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What You Need To Know About Your Aging Parents That No One Wants To Talk About—Part 5

In the previous installment of What You Need To Know About Your Aging Parents That No One Wants To Talk About, we explored specific questions to ask your parents about their plans for their elder years. Part of their plan should include 3 key documents: an updated and valid will, a durable power of attorney, and advance directives. These documents can be done online at free websites, pay-per-form websites, or by lawyers or paralegals.

  • Will: This document will make everything clear about what your parent's wishes are regarding her belongings no matter how extensive or meager. You will also be able to avoid the long and confusing process of probate and save in taxes when there are large sums of money involved.

  • Durable Power of Attorney: Also known as a durable POA, this authorizes a trusted person to act on behalf of your parent to pay bills, make housing choices, etc. Durable meaning the authorized person has this power when someone becomes incapacitated. If this is not in place, you would have to go to court to get a guardianship or conservatorship. This can be expensive.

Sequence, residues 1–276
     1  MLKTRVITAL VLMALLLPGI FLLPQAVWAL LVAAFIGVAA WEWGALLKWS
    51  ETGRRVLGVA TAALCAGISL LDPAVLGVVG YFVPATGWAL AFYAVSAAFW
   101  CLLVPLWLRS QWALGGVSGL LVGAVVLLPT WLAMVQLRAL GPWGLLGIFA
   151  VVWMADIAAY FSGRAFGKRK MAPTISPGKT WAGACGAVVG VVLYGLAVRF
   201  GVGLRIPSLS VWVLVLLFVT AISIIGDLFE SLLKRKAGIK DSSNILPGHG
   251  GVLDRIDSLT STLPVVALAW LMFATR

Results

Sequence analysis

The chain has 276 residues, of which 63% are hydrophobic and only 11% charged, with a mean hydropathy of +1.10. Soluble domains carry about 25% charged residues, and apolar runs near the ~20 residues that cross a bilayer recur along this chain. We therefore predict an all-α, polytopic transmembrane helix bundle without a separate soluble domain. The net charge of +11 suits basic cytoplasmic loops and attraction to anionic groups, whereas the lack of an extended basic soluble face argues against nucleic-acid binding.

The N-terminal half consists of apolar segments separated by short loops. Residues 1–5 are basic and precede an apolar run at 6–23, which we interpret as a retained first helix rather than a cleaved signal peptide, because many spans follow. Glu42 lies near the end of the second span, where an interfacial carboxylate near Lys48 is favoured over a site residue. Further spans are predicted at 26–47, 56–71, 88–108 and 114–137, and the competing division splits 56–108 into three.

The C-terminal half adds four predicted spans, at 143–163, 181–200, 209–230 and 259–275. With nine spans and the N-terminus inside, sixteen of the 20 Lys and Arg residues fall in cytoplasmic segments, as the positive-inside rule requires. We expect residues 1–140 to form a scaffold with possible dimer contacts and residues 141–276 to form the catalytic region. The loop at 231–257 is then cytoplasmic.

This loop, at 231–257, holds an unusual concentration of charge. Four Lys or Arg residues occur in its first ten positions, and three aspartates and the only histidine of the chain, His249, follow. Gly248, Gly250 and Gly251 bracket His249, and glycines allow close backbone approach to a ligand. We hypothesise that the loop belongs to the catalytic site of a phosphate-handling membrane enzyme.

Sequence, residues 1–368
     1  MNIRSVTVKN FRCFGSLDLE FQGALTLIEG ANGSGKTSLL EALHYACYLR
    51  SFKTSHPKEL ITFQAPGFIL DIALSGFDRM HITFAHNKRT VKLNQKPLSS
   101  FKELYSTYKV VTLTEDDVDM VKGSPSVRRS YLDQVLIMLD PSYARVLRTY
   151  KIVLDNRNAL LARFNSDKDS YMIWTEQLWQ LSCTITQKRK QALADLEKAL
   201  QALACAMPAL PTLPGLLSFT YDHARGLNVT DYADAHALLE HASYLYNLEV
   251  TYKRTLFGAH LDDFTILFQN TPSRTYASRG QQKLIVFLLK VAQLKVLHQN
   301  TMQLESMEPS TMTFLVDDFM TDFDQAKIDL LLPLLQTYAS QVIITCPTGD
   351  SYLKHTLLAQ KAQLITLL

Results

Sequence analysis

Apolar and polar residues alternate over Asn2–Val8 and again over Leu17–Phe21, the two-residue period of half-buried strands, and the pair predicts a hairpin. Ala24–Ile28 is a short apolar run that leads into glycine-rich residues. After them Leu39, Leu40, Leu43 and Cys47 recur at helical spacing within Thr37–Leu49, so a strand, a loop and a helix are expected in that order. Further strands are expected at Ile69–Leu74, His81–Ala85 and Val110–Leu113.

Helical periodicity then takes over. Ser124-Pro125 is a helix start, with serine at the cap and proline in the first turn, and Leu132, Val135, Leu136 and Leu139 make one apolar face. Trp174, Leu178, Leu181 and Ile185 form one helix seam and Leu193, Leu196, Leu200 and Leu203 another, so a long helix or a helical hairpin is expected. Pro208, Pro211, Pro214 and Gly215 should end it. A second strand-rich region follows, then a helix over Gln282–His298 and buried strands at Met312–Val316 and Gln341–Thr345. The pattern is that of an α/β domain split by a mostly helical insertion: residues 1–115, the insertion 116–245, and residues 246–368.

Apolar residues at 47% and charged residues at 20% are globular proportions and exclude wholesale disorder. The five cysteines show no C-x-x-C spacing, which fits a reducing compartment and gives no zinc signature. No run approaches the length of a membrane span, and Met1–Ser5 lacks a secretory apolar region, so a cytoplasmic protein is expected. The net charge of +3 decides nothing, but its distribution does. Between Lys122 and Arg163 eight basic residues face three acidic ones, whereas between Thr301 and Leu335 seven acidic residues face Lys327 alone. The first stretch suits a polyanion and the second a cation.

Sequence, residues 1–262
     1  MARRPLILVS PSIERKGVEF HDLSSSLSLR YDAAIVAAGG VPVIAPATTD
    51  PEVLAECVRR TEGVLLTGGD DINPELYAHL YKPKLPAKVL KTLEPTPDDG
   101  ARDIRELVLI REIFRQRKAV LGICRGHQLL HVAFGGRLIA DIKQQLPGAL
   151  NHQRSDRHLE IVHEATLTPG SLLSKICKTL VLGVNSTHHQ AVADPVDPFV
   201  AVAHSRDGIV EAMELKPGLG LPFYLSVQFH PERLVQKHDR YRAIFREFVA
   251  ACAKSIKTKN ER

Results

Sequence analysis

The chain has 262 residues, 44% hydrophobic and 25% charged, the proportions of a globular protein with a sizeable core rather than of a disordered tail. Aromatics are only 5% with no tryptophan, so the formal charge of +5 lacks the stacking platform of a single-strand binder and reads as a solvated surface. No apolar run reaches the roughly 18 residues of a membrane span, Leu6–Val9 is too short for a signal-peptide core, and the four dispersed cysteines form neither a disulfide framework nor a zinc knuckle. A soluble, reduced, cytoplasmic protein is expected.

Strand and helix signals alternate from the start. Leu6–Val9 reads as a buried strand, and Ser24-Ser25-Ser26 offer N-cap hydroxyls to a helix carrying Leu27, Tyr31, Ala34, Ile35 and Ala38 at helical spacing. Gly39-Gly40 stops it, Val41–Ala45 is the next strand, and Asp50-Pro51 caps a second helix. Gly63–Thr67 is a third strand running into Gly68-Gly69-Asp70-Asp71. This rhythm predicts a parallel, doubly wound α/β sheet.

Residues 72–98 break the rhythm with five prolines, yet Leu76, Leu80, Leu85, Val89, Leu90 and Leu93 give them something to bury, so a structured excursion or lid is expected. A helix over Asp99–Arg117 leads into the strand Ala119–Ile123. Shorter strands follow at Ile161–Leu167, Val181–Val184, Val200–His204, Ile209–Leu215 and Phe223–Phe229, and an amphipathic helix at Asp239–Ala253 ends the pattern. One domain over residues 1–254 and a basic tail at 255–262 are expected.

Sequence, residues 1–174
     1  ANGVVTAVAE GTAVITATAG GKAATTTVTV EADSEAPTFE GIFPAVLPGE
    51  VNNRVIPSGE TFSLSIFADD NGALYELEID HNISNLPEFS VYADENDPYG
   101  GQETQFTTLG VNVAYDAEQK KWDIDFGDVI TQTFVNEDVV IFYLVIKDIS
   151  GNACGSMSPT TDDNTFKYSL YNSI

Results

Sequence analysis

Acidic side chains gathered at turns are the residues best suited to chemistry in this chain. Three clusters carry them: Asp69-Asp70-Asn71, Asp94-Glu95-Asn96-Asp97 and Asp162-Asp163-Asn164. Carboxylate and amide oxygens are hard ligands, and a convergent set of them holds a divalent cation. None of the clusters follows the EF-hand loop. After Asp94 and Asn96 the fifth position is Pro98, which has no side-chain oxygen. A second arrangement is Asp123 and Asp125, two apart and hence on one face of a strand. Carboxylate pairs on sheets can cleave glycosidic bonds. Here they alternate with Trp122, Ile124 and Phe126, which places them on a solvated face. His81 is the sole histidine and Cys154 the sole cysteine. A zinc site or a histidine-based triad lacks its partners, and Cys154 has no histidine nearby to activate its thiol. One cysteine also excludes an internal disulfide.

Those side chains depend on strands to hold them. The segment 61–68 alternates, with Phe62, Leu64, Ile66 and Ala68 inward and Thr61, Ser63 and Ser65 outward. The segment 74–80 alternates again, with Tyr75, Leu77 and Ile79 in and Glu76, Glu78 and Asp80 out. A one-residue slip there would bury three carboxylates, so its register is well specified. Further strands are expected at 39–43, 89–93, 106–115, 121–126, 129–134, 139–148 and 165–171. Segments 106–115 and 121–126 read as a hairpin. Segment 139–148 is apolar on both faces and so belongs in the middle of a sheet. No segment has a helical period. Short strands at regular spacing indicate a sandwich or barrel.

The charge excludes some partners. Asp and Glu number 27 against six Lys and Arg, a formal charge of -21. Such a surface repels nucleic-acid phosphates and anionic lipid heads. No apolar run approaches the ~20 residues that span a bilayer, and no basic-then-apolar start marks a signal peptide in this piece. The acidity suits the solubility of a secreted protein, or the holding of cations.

• Advance Directives: This includes two documents: a living will that outlines end-of-life wishes concerning medical care and a durable power of attorney (POA) for healthcare which gives authority to a trusted person to make health care decisions for your parent when he cannot. This is really important because it is the easiest way to avoid unnecessary, aggressive treatment.

As a critical care RN, I have watched families struggle at the bedside, agonizing over what their parent would want them to do in a life and death situation. Most of the patients did not have Advance Directives in place nor had they ever had a conversation with their loved ones about the type of treatment they would want, what quality of life meant to them, or when to withhold life-saving treatment. I did what I could to help, but sometimes it was too late and always heartbreaking to witness.

Even when families do have these types of discussions and a living will (with a series of checked boxes indicating the type of treatment to receive or withhold), it would be most helpful to the person holding the durable POA for healthcare (and all family members) to have the wishes of their loved one recorded on video that they can watch when they are feeling doubtful or inappropriately guilty about carrying them out. With just about everyone having a cell phone with a camera in it, making the video is easy. (HINT: you can use the questions in Part 3 of this blog to help with your video.) If you or your parent are uncomfortable doing it yourself, ask a friend or another relative to do it for you.

As an independent RN Senior Advocate, I also offer living will videos as a service.

How you get these documents done and a video made is of little consequence. The most important thing is to get them done and to communicate with your parents about their wishes. While you're at it, do it for yourself!

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